[KAMPALA] Uganda will soon be able to identify genetically modified organisms in food, thanks to new equipment worth US$50,000 that it hopes will also benefit its neighbours.
The equipment obtained last week — with funding from the UN Environment Programme Global Environment Facility — will be used at the National Agricultural Research Organisation's research laboratories institute in Kawanda, north of Kampala.
Under the Cartagena Protocol on Biosafety, Uganda is required to identify and document genetically modified organisms (GMOs) in food.
Several techniques can be used for this and a common method is to detect the sequences of DNA that are most often used in genetically modified plants.
However the processes are often unaffordable to labs with few resources.
Until now Uganda had to send its samples overseas for GMO testing said Charles Mugoya, regional biotechnology coordinator at the Association for Strengthening Agricultural Research in Eastern and Central Africa (ASARECA).
Mugoya, who coordinates Uganda's National Biosafety Framework project, said ASARECA plans to use the new tools for regional capacity building.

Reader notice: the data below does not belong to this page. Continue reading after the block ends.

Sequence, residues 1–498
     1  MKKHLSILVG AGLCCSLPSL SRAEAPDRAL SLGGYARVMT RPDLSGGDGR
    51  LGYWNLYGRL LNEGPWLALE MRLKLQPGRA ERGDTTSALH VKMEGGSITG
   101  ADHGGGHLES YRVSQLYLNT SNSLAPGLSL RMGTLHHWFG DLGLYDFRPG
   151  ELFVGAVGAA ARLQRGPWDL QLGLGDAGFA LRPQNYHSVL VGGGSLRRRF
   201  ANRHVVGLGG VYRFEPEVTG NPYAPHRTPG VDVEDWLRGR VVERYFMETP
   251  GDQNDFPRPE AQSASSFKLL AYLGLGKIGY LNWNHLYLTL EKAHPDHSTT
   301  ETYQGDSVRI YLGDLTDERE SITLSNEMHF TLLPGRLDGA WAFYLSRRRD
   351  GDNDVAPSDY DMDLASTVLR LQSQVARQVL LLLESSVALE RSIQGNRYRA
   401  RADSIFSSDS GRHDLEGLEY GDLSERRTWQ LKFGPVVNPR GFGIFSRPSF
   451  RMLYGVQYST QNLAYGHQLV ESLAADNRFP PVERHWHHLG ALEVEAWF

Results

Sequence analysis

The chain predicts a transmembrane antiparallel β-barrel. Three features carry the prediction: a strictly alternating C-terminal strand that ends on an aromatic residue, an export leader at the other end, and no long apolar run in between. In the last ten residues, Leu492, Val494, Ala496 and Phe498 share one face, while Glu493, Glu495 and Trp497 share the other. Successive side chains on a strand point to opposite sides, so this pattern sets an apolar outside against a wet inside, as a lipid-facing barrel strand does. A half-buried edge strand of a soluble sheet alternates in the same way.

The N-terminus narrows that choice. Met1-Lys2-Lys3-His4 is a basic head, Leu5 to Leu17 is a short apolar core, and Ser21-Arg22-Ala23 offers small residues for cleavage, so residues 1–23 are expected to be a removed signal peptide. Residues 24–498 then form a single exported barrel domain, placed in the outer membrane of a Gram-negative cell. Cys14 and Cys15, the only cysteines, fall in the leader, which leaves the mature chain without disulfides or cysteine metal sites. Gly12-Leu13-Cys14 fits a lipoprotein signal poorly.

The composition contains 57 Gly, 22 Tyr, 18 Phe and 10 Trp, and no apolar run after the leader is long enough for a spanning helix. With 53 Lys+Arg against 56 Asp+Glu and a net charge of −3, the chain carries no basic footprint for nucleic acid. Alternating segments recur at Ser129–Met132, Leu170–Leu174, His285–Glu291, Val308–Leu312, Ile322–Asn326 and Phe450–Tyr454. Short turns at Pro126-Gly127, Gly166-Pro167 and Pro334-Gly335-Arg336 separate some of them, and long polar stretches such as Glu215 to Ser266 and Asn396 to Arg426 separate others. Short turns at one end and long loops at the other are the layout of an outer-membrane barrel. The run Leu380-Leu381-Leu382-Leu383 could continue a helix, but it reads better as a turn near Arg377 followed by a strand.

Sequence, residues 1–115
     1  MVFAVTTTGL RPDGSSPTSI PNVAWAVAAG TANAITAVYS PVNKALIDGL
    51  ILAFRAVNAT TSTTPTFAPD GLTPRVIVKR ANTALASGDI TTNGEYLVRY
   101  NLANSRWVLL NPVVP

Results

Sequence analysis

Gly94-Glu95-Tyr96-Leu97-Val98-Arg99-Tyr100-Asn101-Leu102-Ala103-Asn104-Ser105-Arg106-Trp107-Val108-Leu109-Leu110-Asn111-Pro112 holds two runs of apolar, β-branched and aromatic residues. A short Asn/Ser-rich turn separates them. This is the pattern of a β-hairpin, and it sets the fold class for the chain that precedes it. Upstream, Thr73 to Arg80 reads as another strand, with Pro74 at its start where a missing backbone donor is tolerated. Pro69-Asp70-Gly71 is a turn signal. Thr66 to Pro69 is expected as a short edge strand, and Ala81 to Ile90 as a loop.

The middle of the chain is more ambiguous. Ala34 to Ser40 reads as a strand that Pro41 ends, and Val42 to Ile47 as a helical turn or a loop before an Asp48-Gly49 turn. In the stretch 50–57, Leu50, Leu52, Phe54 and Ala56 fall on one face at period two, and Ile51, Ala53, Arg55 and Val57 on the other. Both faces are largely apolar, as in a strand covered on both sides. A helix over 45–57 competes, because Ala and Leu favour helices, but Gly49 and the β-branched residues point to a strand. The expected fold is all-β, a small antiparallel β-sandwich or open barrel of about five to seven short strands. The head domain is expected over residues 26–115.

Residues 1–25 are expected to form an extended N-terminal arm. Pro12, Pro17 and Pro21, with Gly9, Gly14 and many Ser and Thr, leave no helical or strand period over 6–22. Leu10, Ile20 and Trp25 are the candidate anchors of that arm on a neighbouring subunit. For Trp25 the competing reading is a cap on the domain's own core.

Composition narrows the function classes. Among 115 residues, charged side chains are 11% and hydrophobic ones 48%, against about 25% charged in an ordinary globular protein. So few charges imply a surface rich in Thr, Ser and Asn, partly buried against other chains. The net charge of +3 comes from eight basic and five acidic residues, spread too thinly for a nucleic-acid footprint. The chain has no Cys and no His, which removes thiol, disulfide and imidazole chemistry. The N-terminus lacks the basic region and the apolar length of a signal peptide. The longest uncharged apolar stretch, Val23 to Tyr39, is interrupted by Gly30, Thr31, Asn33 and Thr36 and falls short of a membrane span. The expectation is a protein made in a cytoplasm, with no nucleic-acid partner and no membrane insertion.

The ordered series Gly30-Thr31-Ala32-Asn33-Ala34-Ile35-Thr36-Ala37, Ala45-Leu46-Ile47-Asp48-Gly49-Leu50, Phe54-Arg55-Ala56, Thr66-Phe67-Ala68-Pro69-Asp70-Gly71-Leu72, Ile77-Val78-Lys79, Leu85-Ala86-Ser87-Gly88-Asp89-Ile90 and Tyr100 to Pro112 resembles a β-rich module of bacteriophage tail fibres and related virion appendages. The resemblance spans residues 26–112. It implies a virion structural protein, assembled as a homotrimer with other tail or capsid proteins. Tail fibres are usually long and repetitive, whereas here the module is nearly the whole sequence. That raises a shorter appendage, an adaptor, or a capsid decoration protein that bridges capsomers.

This could include allowing neighbouring countries lacking the capability to test for GMOs — for instance Burundi, the Democratic Republic of Congo, Rwanda, Sudan and Tanzania — to benefit from Uganda's equipment for a fee, he told SciDev.Net.
He added that the association is developing a regional policy on detecting and analysing GMOs, which will be submitted for approval to regional governments.
Arthur Makara, biosafety officer at Uganda's science and technology council, said Uganda will first train its own scientists for GMO detection and assessment before training technicians elsewhere in the region.
He told SciDev.Net that regional funding, for instance from ASARECA or the East African Community, could help make the Ugandan institute into a regional centre of excellence.
The equipment includes a DNA concentrator, a thermocycler with accessories, a gel documentation/analysis system; a set of pipettes and an ELISA (enzyme-linked immunosorbent assay) micro-plate reader.